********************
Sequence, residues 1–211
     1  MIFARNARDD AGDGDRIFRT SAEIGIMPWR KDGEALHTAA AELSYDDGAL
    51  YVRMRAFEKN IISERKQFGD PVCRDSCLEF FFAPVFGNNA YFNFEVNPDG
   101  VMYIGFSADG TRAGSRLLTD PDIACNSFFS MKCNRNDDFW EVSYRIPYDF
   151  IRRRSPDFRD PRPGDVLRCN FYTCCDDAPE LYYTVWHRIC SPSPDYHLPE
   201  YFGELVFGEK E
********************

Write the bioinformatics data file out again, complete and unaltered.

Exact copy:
Sequence, residues 1–211
     1  MIFARNARDD AGDGDRIFRT SAEIGIMPWR KDGEALHTAA AELSYDDGAL
    51  YVRMRAFEKN IISERKQFGD PVCRDSCLEF FFAPVFGNNA YFNFEVNPDG
   101  VMYIGFSADG TRAGSRLLTD PDIACNSFFS MKCNRNDDFW EVSYRIPYDF
   151  IRRRSPDFRD PRPGDVLRCN FYTCCDDAPE LYYTVWHRIC SPSPDYHLPE
   201  YFGELVFGEK E